How to be a better employee - Use Your Judgement

April 08, 2015

Very often, junior colleagues ask me what they should do in a particular situation. Very often, to the point where I feel like a broken record, my answer is “Use your judgement”. This is partly because I don’t have as much time as I’d like to guide them through how I would approach the situation, but mostly it’s because I want them to be able to figure it out for themselves.

I want my colleagues to investigate problems for themselves, and figure out how to ask the right questions, not just expect things to be handed to them on a plate. Besides, these days, knowing the right questions to ask (aka knowing how to Google) is one of the most useful skills to have.

I want my colleagues to be adaptable - to be able to turn their hand to an unfamiliar problem, outside their comfort zone, because if we’re not solving difficult problems, we’ll be out of a job. I want them to have initiative and think for themselves. If all you’re doing is following a set of instructions, it’s only a question of how difficult it is to program those instructions into a machine, and increasingly, the answer is ”not as difficult as most people think“.

We’re hiring humans is an admirable statement, and I agree entirely with a the suggestions, but the article is premised on the basic assumption that the company trusts the people it’s hiring, and wants to empower those people. When you pay someone for taking on responsibilities, you should trust them, but the sad fact is that this isn’t always true, especially in organisations who do a lot of offshoring - there are plenty of managers would rather hire machines if they could.

I want my colleagues to be pragmatic - to care about standards and design patterns and doing things the right way, but to be able to cut some non-essential corners when a tight deadline is looming. To paraphrase Joel Spolsky, I want a colleague who is “smart and gets things done”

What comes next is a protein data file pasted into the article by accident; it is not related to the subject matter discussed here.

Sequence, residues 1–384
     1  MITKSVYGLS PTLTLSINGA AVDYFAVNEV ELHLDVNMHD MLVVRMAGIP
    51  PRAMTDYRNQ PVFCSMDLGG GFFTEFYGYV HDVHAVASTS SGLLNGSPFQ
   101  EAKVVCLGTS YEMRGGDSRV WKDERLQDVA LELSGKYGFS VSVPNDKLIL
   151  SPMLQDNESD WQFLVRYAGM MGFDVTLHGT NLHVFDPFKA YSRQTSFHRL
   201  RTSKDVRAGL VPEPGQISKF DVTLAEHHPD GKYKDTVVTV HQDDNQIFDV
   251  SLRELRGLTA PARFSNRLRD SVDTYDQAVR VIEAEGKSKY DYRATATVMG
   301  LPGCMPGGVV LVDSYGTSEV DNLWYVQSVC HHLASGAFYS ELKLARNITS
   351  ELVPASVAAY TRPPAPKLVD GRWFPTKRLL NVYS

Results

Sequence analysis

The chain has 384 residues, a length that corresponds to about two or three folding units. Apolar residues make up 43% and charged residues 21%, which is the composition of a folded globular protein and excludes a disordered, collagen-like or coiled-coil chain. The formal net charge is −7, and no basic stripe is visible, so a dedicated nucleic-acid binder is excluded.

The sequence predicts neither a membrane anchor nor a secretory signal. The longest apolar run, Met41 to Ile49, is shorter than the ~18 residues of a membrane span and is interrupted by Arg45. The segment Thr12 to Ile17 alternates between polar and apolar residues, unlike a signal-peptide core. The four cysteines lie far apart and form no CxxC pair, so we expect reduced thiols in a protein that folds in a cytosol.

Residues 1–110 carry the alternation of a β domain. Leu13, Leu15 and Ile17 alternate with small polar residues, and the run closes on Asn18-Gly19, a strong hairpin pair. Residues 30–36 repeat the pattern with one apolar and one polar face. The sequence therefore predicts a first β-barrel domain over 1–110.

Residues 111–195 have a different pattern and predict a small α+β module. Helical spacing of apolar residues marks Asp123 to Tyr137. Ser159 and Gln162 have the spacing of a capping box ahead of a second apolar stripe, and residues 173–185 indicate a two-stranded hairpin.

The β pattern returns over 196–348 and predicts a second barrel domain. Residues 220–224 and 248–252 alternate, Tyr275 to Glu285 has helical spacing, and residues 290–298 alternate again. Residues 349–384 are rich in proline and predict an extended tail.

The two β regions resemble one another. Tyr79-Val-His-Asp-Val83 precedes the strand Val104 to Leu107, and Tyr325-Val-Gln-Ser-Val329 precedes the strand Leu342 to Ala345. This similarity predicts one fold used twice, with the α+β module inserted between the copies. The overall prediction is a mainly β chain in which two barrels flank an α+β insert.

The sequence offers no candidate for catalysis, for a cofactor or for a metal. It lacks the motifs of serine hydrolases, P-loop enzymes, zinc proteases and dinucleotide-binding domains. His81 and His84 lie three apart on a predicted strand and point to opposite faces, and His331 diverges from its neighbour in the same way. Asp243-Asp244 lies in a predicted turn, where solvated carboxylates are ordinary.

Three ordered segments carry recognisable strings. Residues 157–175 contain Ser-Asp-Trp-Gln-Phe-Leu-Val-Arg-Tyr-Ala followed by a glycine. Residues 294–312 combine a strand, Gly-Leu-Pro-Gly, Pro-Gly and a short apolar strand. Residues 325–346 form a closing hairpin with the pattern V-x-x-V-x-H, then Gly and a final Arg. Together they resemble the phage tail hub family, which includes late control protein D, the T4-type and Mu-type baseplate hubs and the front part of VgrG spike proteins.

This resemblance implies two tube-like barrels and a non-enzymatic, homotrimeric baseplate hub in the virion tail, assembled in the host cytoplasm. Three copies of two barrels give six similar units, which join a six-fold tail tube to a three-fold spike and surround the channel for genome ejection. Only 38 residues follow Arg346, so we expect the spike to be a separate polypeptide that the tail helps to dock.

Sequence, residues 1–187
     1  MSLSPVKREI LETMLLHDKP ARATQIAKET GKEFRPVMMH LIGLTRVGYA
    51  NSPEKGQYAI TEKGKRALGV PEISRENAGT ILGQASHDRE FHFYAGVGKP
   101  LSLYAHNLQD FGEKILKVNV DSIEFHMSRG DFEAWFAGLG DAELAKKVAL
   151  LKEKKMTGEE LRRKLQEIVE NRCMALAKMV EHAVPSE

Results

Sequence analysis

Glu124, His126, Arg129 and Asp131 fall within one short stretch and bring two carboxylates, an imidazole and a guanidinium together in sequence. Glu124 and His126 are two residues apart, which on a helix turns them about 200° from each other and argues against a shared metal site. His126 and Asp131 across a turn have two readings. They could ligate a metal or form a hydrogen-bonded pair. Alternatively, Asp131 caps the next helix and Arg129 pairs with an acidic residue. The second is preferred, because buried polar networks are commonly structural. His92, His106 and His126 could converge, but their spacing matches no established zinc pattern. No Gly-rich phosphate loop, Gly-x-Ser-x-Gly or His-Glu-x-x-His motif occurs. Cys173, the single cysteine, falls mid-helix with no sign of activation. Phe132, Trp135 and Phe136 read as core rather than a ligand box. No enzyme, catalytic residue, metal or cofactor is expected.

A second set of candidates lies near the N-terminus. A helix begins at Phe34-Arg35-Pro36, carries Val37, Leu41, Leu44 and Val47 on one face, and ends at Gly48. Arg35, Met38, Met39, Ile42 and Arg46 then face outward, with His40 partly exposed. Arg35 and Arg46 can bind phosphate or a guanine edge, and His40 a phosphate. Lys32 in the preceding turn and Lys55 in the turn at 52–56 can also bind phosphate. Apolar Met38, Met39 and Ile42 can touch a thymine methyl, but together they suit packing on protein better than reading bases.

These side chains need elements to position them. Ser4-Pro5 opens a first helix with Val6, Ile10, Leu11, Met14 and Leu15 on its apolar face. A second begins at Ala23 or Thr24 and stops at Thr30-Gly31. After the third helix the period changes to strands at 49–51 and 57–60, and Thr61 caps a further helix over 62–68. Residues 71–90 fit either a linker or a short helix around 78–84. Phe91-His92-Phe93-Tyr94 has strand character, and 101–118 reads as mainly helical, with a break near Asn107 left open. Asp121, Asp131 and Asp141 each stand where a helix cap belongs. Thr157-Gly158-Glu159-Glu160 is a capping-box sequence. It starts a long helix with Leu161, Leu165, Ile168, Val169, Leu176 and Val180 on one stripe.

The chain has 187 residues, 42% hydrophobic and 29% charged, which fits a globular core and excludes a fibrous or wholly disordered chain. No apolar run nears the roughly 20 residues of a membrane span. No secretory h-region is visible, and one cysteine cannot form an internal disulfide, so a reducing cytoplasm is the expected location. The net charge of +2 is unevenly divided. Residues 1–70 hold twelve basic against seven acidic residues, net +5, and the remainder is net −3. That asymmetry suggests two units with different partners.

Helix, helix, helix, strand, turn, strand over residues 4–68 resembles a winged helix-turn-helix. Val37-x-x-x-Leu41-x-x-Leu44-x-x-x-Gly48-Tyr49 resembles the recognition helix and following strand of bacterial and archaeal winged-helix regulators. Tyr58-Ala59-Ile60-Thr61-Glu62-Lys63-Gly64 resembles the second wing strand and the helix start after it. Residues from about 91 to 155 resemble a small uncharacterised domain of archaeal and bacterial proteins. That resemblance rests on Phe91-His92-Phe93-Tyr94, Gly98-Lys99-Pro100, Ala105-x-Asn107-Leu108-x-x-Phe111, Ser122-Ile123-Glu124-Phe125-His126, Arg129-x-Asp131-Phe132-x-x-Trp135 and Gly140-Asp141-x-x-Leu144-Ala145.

I want my colleagues to become comfortable with taking responsibility for their actions - as I’ve said before, sometimes it’s better to be making progress than to be right. What’s the worst that can happen? Someone might tell you that you did it wrong. And if they do, who says they’re right? Just because someone has more experience, it doesn’t mean they know all the answers.

Maybe it will turn out that you were wrong. Big deal - everyone makes mistakes, and besides, “It’s easier to ask forgiveness than it is to get permission.”.

It’s important to have the confidence in your own abilities that you can cope with being wrong, that you’re OK with someone telling you in a code review comment that your solution is terrible, to realise that you’re wrong.

I once heard about a teenager whose mother hired a professional to do his A-level coursework for him. To me, that is terrible parenting. Soon that boy will be a grown-up, and the world isn’t going to let his mum fix everything for him. He needs to be able to fail at something, to understand what it’s like to not get straight As.

I want my colleagues to learn how to learn, and how to teach; how to listen, and how to talk. I want them to tell me when I’m wrong, when to talk, and when to shut up.